Heteropolysaccharides II: Proteoglycans and Peptidoglycans
Structure of peptidoglycan in the cell wall of the gram-positive bacterium
S ta p h ylo co ccu s a u reu s.
The structure consists
of an alternating polymer of N-acetylglucosamine (GlcNAc) and N-acetylmuramic acid (MurNAc) linked by /3( 1
glycosidic bonds in one dimension, a cross-linking peptide that contains alternating L- and D-amino acid residues in the
second dimension, and a pentaglycine moiety that cross-links the peptide chains in the final dimension. This three-
dimensional network is continuous and surrounds the entire cell. [Reproduced with permission from M. J. Osborn, Struc-
ture and biosynthesis of the bacterial cell wall.
A n n u . Rev. B io ch em .
38, 301 (1969). ©1969 by Annual Reviews Inc.]
the tetrapeptide sequence is L-alanyl-D-y-isoglutaminyl-
L-lysyl-D-alanine. The interpeptide chain is a pentaglycine
chain that connects the terminal D-alanyl residue of one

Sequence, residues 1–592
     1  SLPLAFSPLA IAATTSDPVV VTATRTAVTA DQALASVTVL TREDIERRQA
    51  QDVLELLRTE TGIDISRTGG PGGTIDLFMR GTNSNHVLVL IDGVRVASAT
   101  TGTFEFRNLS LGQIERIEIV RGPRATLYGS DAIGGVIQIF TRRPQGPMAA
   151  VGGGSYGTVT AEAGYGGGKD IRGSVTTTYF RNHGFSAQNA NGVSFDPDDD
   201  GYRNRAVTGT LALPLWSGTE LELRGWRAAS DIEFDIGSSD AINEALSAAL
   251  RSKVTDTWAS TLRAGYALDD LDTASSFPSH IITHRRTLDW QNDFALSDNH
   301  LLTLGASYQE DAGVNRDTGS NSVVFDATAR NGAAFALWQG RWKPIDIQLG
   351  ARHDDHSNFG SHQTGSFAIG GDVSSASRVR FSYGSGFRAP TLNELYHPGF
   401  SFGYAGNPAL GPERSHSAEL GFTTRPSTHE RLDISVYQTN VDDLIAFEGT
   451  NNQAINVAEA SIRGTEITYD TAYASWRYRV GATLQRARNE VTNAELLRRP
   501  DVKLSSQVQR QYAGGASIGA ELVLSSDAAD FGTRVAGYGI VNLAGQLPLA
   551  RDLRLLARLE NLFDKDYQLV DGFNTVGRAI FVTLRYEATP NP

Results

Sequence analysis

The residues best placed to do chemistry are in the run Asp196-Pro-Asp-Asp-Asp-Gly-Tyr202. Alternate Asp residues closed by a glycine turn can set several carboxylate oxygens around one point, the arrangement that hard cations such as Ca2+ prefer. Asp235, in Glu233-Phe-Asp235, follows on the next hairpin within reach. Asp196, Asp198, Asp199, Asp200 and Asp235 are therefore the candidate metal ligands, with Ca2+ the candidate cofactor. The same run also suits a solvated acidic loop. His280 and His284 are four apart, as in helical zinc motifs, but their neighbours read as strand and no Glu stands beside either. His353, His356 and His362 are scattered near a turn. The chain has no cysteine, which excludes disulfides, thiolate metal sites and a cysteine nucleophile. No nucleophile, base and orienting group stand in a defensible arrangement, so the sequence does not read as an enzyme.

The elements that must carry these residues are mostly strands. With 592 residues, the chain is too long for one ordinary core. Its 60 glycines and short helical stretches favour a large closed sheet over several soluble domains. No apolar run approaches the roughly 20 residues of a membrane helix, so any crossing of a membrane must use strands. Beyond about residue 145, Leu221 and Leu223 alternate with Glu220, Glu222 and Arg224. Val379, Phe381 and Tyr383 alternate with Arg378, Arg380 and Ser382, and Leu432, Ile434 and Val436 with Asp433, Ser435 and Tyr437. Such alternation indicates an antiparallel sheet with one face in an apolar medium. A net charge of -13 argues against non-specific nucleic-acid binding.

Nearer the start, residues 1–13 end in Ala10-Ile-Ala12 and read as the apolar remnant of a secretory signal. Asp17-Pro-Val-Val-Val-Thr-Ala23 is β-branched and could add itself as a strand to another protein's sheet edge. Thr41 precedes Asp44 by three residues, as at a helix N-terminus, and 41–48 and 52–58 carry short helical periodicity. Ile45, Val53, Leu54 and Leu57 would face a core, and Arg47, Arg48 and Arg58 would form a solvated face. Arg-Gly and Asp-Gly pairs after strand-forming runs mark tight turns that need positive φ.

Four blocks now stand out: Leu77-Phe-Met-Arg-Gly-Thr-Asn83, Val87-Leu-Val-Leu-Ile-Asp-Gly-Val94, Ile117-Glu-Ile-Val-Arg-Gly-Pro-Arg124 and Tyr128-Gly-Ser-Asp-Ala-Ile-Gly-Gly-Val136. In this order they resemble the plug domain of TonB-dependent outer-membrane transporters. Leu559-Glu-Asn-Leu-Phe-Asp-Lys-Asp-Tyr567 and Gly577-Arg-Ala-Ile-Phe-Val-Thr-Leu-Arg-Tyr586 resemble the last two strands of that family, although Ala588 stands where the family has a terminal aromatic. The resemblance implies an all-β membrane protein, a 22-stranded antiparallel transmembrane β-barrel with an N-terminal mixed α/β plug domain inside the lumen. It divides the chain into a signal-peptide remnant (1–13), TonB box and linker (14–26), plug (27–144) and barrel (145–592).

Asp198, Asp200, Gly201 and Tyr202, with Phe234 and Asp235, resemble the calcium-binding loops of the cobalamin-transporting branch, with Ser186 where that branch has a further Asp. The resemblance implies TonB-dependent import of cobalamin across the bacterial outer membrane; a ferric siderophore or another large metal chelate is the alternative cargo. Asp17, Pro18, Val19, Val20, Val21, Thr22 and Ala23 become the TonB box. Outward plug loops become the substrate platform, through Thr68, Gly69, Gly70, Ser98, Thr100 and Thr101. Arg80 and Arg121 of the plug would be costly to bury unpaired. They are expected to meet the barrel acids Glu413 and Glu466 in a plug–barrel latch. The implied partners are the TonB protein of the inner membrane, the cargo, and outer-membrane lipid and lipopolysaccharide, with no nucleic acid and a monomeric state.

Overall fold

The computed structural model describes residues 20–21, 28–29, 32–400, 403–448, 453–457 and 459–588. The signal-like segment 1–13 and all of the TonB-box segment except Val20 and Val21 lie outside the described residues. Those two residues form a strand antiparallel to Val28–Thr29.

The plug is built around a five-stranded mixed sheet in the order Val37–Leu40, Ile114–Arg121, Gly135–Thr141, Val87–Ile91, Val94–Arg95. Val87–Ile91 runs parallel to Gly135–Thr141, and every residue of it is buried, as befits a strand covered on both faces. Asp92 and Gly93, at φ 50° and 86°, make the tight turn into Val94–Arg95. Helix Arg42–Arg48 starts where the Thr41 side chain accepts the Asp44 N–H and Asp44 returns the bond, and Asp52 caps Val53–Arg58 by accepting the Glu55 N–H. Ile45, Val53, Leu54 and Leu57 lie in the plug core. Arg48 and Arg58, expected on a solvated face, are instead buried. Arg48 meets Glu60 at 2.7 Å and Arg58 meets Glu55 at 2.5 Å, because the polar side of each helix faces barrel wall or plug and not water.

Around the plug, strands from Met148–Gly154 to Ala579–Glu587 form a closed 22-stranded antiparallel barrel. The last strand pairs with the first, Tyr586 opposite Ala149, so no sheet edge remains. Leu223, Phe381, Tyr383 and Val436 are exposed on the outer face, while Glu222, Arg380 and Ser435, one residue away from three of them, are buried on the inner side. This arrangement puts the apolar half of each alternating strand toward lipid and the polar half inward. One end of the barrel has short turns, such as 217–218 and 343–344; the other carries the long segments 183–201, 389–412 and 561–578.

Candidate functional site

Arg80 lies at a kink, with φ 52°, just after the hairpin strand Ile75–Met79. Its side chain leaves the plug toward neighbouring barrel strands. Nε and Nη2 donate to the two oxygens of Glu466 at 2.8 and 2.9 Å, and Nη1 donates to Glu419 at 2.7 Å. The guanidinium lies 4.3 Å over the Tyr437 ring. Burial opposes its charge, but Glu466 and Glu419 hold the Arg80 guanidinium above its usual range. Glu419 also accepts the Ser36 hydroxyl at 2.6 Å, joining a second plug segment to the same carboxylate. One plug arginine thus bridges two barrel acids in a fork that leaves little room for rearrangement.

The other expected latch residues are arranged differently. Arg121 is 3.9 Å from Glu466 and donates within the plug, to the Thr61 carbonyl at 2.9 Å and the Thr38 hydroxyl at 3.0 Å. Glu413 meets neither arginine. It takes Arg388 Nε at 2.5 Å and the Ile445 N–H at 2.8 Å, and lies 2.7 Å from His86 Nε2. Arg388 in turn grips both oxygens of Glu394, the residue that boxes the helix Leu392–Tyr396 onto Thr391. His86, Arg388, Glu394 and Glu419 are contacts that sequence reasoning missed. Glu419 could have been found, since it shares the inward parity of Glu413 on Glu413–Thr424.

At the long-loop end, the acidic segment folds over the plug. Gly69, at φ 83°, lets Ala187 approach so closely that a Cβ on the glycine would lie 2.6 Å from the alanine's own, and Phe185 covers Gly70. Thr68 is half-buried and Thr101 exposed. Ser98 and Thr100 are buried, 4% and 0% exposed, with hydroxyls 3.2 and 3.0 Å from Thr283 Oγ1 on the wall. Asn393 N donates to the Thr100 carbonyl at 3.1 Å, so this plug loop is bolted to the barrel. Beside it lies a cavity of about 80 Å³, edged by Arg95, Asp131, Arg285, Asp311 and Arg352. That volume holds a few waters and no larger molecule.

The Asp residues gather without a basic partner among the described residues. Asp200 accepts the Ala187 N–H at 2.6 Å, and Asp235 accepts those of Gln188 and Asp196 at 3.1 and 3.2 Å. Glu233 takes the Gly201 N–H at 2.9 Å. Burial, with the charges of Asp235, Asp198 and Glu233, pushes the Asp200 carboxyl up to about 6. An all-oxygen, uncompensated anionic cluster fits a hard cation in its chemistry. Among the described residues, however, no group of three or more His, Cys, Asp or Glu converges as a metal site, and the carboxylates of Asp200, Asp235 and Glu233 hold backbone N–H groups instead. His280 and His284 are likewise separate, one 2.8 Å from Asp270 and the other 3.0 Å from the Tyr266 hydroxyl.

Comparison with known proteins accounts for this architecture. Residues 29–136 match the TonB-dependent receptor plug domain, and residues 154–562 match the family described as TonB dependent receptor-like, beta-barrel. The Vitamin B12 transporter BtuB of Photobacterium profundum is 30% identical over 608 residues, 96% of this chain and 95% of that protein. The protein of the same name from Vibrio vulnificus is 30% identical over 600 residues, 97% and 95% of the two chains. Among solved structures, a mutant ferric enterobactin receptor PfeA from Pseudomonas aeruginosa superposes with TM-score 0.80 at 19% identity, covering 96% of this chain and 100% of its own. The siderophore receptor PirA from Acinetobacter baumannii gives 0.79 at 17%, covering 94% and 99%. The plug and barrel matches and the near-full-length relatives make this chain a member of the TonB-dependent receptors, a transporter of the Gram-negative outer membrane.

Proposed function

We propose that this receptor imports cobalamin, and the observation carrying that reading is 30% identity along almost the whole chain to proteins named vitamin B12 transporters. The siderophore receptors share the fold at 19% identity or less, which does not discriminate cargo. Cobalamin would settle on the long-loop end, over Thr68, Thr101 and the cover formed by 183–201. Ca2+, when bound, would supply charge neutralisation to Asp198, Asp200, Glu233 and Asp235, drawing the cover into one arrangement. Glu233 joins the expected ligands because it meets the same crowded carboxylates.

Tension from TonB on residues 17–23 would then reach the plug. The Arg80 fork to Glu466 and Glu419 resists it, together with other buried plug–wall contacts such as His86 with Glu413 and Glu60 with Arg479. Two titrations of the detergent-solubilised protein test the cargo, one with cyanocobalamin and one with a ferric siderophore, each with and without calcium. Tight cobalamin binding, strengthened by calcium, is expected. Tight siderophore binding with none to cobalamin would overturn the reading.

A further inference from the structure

tetrapeptide to an L-lysyl residue in the third amino
- C — D-Ala— L -L y s — D-isoGIn— L-AIa— N
N — H
'p H C H ^
° = <
C H ,
Repeating unit of the peptidoglycan of
S ta p h ylo co ccu s aureus.
acid position in another tetrapeptide (Figure 11-14). The
chemical linkages are as follows: the amino-terminal
group of pentaglycine is joined with the carboxyl group of
D-alanine, and the carboxyl terminal of pentaglycine is
linked with the £-NH
of L-lysine. Both of the sequence
variations of the tetrapeptide and the cross-linking pattern
are characteristic of the shape and species of the bacterium.
In some bacteria, in addition to the cell wall, sub-
stances form capsules or slime layers external to the
cell wall. These layers are not essential for growth and
multiplication but may be important for survival of the
organism in harsh environments, e.g., in preventing des-
iccation and serving as a barrier against phage (bacterial
virus) attack. The capsular layer also provides a charged
which plays a significant
role in dental caries and plaque formation, produces an
extracellular 1,3-glucan that enables the bacteria to ad-
here to teeth. In the formation of dental caries, possi-
bly the most widespread human pathological process,
dietary carbohydrates (sugar in general and sucrose in
particular) promote bacterial growth and produce noxious
Penicillins prevent cell wall synthesis in susceptible or-
ganisms by inhibiting a late step in the enzymatic synthesis
of peptidoglycan (Chapter 16).